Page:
Thu, 24 Apr
° °
  • Firstline - TV3 New Zealand

    Firstline

    Weekdays 6am

  • 3 News - TV3 New Zealand

    3 News

    Nightly 6PM

  • Campbell Live - TV3 New Zealand

    Campbell Live

    Weekdays 7.00pm

  • Three 60 - TV3 New Zealand

    Three 60

    Sundays 9.30am

  • 3rd Degree - TV3 New Zealand

    3rd Degree

    WEDNESDAYS 8.30PM

  • The Paul Henry Show - TV3 New Zealand

    The Paul Henry Show

    Weekdays 10.30pm

  • The Nation - TV3 New Zealand

    The Nation

    Sat 9:30am / Sun 10am

Anti-smacking law petition handed to Parliament

Thursday 24 Apr 2008 12:00a.m.

Anti-smacking law petition handed to Parliament

Opponents of the law that bans smacking are waiting anxiously to find out whether they have collected enough valid signatures on a petition to force a citizens-initiated referendum.

If they have, the referendum will be held at the same time as the next election and will put the question: Should a smack as part of good parental correction be a criminal offence in New Zealand?

The petition was handed in to the Clerk of Parliament on February 29, with 324,316 signatures on it.

That was well above the required 285,027 – 10 percent of the total number of registered voters on that day.
 
The Chief Registrar of Electors is now running an audit to certify the signatures – and a lot of them will not make the grade.

Petition organiser Larry Baldock, leader of the new Kiwi Party, said today there would have to be a "success rate" of 87.99 percent for the petition to succeed in forcing a referendum.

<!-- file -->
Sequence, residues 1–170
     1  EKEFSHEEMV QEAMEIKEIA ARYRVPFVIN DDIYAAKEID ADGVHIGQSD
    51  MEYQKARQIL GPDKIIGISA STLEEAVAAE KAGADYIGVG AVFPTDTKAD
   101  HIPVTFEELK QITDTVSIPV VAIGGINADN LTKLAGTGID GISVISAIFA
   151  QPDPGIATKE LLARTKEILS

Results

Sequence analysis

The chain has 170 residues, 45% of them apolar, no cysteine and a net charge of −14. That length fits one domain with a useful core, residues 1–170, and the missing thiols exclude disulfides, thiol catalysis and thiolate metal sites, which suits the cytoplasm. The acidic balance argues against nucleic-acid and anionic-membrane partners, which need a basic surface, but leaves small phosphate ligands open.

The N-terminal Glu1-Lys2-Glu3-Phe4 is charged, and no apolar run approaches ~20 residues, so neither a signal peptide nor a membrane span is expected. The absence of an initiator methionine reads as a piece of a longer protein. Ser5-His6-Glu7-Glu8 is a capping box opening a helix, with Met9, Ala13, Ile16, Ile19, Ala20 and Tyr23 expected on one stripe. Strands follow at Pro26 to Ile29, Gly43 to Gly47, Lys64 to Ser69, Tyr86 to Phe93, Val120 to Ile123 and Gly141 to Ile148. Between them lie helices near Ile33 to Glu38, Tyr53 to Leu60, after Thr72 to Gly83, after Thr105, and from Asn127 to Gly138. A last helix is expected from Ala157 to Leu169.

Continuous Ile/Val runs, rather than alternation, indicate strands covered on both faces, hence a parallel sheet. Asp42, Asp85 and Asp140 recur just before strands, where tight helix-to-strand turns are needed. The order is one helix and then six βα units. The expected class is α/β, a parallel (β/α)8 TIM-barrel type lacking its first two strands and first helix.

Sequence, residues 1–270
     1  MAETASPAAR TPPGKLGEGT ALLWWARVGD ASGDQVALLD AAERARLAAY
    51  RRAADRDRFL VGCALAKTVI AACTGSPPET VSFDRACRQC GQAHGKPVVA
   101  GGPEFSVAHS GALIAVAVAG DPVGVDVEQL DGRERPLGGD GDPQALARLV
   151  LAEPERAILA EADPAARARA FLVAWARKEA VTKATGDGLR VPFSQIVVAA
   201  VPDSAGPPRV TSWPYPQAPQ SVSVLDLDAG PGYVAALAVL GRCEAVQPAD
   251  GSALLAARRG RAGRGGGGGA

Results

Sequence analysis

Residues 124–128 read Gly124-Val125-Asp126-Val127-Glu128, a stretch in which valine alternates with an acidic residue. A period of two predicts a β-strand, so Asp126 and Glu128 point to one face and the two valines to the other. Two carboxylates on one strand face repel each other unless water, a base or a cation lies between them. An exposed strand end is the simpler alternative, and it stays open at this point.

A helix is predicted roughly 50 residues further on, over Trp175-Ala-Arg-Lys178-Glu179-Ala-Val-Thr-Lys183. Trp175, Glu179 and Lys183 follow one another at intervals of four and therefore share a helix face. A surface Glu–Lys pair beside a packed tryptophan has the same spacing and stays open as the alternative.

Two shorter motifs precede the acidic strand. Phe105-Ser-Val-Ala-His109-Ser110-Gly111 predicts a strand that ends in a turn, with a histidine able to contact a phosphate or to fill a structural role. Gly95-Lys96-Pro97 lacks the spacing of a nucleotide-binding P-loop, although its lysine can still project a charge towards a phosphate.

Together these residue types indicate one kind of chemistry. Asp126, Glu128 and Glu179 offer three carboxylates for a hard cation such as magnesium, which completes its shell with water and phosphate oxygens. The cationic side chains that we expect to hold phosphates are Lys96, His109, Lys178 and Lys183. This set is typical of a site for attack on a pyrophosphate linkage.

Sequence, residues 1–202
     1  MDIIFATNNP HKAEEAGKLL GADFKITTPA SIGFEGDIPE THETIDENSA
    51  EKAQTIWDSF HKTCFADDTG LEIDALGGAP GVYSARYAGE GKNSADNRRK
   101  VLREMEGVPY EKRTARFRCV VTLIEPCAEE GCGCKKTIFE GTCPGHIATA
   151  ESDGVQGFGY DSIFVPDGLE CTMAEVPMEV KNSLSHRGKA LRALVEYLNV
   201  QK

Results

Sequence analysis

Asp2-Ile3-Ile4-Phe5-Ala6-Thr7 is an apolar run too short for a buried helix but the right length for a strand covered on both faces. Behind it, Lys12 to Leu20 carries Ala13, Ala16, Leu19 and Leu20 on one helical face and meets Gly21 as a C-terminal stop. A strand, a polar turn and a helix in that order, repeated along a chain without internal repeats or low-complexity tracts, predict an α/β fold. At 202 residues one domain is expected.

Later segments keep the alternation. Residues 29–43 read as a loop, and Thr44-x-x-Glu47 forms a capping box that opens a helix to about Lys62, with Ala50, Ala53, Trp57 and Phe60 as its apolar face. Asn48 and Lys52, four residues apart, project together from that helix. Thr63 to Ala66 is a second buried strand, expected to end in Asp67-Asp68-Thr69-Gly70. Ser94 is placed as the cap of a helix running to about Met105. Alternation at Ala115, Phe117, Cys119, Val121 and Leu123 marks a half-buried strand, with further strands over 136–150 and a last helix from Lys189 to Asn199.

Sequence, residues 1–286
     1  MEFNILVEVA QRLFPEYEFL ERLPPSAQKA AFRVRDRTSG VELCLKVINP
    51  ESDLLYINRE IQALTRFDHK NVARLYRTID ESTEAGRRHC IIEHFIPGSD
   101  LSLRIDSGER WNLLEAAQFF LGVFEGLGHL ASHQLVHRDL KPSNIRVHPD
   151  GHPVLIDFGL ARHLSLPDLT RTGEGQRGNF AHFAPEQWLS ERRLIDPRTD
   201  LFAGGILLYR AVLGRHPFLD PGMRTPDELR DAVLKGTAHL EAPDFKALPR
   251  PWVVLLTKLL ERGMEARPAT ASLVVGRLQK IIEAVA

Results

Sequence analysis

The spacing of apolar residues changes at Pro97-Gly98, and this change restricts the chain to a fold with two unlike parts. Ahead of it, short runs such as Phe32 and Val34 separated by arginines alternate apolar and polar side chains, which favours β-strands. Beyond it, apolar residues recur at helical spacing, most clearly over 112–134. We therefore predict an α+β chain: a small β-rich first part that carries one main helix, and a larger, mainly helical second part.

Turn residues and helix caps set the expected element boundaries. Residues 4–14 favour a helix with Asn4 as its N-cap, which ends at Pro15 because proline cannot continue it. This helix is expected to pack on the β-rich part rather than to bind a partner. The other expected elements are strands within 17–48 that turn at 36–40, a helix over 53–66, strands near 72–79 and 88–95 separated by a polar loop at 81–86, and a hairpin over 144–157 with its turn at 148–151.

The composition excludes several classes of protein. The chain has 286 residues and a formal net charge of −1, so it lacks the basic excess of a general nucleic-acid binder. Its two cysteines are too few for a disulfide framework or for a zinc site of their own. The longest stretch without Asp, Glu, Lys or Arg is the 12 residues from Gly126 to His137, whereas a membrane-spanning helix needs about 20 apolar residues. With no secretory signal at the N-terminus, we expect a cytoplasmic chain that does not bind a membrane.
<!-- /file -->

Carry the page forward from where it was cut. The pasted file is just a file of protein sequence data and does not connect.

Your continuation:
"A random sample of 29,501 signatures was taken and checked individually against the electoral role with 25,754 qualifying," he said.

"If I did my own simple maths on those figures we would estimate that we had a success rate of 87.29 percent."

Mr Baldock said he had been told the Government Statistician would use a complicated mathematical formula to officially ascertain the number of certified signatures and it would take 90 hours to complete.

"I have no idea why this must take so long and whether there will be any great variation from my simple maths," he said.

"It begins to look like the Duckworth-Lewis system of determining the results in rain-shortened one-day cricket matches and we all know how they turn out – usually in the other team's favour."

The official result of the certification process must he given to Parliament's Speaker, Margaret Wilson, no later than next Tuesday.

NZPA

 

Others are watching

comments powered by Disqus

Latest Politics News